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  #1  
Old 26 November 2013, 11:56 PM
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Judge Supreme Court will take up new health law dispute

The Supreme Court has agreed to referee another dispute over President Barack Obama's health care law, whether businesses can use religious objections to escape a requirement to cover birth control for employees.

http://www.9news.com/news/world/3663...h-law-dispute-
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  #2  
Old 27 November 2013, 12:13 AM
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Very neutral language, I see . That's not even trying for objectivity.

Granted, I'm not at all sure I would side with Hobby Lobby, but that's sloppy journalism.
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Old 27 November 2013, 12:20 AM
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What language did you find objectionable?
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Old 27 November 2013, 12:59 AM
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"whether businesses can use religious objections" (implies they don't actually have them, or they aren't valid or something) "to escape a requirement" (you could say this in a zillion less charged ways).

You could put it, "Whether the government can impose its power to overcome religious objections and force companies to buy birth control coverage," but that would also be too charged--see what I mean?

If they are not required to do it, better language would be in terms of waivers, rather like one might discuss Quaker exemptions from being drafted into combat, than "escape."
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Old 27 November 2013, 01:17 AM
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I suppose "escape" could be interpreted that way. Sort of. But I don't see any way of interpreting "use religious objections" to imply that such objections don't apply or are otherwise not valid. That's what the case is about so it's just stating the question in plain English.
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Old 27 November 2013, 01:24 AM
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Yeah. Using something as an argument does not mean you do not really have that thing, or that it is not meaningful.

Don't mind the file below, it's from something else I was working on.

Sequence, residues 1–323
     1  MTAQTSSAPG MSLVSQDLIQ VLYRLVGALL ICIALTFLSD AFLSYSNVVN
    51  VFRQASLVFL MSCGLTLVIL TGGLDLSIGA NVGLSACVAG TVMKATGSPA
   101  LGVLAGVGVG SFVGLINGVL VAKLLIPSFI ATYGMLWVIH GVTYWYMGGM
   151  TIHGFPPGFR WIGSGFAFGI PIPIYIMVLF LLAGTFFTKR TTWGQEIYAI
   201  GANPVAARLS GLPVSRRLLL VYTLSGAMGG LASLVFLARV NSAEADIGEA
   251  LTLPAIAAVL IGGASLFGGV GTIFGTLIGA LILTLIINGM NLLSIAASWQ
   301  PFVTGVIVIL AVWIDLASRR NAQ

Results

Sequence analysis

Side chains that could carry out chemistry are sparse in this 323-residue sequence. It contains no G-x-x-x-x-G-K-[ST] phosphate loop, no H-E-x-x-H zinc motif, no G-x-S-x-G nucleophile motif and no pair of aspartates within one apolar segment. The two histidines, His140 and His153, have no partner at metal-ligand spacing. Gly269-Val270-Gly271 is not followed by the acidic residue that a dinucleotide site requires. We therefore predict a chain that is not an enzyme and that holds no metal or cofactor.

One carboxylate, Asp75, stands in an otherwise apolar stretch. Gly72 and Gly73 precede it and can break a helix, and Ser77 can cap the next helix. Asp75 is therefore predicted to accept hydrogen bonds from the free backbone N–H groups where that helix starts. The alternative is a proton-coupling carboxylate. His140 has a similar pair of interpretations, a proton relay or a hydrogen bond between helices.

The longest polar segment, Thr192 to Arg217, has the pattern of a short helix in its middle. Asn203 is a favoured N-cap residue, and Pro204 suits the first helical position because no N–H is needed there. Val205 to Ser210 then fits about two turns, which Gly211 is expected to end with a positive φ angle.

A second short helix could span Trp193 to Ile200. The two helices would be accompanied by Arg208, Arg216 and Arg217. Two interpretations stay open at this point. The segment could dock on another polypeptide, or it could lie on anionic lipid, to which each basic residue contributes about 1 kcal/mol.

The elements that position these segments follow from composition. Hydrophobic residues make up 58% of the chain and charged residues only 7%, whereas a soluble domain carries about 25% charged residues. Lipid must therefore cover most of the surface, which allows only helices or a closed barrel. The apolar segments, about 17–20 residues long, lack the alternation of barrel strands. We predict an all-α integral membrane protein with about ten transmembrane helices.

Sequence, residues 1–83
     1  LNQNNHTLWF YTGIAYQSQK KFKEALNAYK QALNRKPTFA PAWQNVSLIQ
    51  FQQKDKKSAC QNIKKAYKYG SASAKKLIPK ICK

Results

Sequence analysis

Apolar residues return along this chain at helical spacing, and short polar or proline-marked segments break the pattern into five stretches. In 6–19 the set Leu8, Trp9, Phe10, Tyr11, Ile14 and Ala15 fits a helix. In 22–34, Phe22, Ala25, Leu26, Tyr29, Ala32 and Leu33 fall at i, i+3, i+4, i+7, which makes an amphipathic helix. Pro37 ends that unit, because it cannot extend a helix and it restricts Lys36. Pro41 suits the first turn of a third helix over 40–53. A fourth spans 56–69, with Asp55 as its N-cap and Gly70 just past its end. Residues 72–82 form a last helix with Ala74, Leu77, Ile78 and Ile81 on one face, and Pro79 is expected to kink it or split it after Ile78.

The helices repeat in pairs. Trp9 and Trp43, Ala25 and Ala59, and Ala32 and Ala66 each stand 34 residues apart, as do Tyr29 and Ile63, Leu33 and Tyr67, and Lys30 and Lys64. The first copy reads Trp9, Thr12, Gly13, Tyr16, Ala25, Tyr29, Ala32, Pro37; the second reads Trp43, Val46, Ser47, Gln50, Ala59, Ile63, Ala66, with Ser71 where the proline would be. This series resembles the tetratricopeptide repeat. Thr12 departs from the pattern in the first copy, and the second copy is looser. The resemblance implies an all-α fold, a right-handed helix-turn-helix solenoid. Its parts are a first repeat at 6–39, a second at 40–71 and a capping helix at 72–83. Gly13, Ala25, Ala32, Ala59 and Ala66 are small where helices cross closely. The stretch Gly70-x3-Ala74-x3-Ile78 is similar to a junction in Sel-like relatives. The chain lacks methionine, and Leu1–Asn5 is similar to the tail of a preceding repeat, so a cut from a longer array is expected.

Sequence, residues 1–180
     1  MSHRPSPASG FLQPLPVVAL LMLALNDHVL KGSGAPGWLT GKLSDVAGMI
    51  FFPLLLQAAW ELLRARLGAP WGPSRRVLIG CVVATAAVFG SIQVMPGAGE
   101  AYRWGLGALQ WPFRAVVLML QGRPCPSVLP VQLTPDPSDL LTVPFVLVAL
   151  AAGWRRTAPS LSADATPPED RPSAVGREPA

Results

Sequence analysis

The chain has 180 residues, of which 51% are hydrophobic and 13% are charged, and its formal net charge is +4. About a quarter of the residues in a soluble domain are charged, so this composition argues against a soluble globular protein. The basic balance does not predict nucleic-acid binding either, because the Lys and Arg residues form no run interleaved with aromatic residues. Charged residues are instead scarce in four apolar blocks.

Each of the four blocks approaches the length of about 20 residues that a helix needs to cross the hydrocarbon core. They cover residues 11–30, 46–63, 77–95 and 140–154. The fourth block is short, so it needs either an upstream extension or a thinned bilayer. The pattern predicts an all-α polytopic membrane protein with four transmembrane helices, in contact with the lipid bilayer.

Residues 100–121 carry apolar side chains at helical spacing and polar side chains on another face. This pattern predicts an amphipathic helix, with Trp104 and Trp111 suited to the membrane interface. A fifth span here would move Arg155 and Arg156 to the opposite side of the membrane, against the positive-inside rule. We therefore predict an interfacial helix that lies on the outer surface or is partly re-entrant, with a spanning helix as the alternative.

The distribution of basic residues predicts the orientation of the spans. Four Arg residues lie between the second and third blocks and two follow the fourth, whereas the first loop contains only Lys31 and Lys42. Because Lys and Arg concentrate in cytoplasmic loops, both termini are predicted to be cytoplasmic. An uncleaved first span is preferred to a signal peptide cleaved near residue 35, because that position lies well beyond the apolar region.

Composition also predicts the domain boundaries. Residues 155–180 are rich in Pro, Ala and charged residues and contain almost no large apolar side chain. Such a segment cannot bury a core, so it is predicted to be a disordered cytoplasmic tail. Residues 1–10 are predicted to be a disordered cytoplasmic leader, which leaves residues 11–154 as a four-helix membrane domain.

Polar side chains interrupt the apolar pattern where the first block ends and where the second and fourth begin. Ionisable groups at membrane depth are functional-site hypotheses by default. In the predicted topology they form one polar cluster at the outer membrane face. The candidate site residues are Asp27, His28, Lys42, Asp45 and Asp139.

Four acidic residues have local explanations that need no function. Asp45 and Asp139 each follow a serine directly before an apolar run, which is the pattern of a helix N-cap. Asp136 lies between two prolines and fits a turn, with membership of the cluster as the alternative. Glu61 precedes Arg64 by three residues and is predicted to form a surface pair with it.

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Old 27 November 2013, 01:42 AM
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Yeah, in this context, I don't agree that "use religious objections" has any negative connotation, but I do agree that "escape" carries a connotation of avoiding something unjustly. I think the word "avoid" should have been used, as it's more neutral.
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Old 27 November 2013, 06:13 AM
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Clearly, they should have said Hobby Lobby's argument was fishy. Then we'd know they weren't taking sides.
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Old 27 November 2013, 01:14 PM
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Quote:
Originally Posted by Avril View Post
If they are not required to do it, better language would be in terms of waivers, rather like one might discuss Quaker exemptions from being drafted into combat, than "escape."
The Supreme Court does not, AFAIK, grant "waivers."
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Old 27 November 2013, 02:47 PM
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In effect, if they side with Hobby Lobby, they will be. The requirement will be waived due to religious objections. It's not some kind of slip of paper, but the effect is the same.

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Originally Posted by Esprise Me View Post
Clearly, they should have said Hobby Lobby's argument was fishy. Then we'd know they weren't taking sides.
If I wrote a news article with informal language that wasn't quoting people saying it, I'd be a sloppy journalist, too. Fortunately, message board posts get to have opinions.
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Old 27 November 2013, 02:51 PM
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IANAL, but I believe "waiver" has a specific legal meaning.
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Old 27 November 2013, 02:56 PM
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IANAL but SCOTUS's decision would be that granting of such waivers is Constitutional. They wouldn't handle the actual process of granting waivers, that would be relegated to lesser courts probably.
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Old 27 November 2013, 03:13 PM
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My larger point is that "waiver" may not be an accurate term for what might be granted, regardless of who is granting it. ETA: That may sound nitpicky, but I don't think news writers should use inaccurate terminology in the interest of sound more objective.
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Old 27 November 2013, 03:28 PM
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Quote:
Originally Posted by GenYus234 View Post
IANAL but SCOTUS's decision would be that granting of such waivers is Constitutional. They wouldn't handle the actual process of granting waivers, that would be relegated to lesser courts probably.